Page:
Oct 16 2018
Pen to paper- rediscovering letters
There is a nostalgic satisfaction in pressing flowers into personal journals and books. A sense of memory mixed with wonder strikes on finding a dried botanical, almost perfect even in death, made timeless within the words of a favourite author or even one’s own. A feeling that is recreated in the storing away and rediscovering of letters from friends, family, lovers-- where writers becomes present though personally handwritten words and language unique to themselves and their relationship to you.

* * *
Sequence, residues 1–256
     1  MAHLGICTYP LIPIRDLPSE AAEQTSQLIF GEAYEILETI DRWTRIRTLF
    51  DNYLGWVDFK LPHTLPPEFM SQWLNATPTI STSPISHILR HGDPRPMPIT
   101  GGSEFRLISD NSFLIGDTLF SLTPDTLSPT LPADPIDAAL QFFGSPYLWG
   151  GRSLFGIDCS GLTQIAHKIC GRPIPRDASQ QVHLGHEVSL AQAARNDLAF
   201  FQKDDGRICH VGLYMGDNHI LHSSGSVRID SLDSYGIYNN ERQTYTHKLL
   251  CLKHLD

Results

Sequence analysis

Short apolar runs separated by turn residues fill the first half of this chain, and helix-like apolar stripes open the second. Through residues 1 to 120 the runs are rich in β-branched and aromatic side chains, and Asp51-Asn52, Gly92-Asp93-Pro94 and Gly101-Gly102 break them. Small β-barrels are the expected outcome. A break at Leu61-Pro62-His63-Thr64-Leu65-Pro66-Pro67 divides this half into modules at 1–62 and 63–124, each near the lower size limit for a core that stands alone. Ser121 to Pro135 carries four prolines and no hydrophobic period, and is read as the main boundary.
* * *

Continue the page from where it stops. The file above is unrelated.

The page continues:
On days of leisure, time sometimes needs to be spent organising & cleaning-- tasks whose boundaries can extend into sorting through keepsakes or photographs. An unexpected discovery among these forgotten souvenirs, offers a moment of excitement-- a brief escape into reminiscing for a time when technology had not taken over life and when analog and digital only seemed to apply to watches. On one such day, I discovered a trunk filled with over 200 letters. Envelopes filled with reports of life in other places, musings, invitations, greetings, shared secrets stared out at me from the darkness. These were letters from back in school and college. Most were hand written, some typed and others smattered with drawing to illustrate a point for which there were no words in a 12 year old’s vocabulary. I remember the unique thrill of receiving a letter when the Indian Post didn’t fail you, and then judiciously choosing a good spot and time to read it in. These reading sessions were often accompanied by a treat—the experience needed to be enjoyed in on as many levels. Finding these old letters—written on inland sheets and a variety of paper— onion, airmail, notebook, marble, printed and handmade, now withering into pale yellows—ageing almost like some of the tea bungalows that we restored, brings back a past alive only in memory, stories and photographs. The art of the written letter imbibed a slower life and deeper relationships. Its essence and specialness lies in it's inimitable personal experience-- the smell of paper, its texture, shade, the type of ink, the style of handwriting, the expression of unbridled feeling cannot be replaced by the digital. Today, there are wonderful resources for letter supplies. These are a few curated, personal favourites, should you feel the urge to pen a letter-- a simple and beautiful form of storytelling for human contact over distances. https://www.aurovillepress.com/index.php?nav=papers https://www.bookbindersonline.com.au http://www.artcadia.co.uk https://www.haibara.co.jp/en/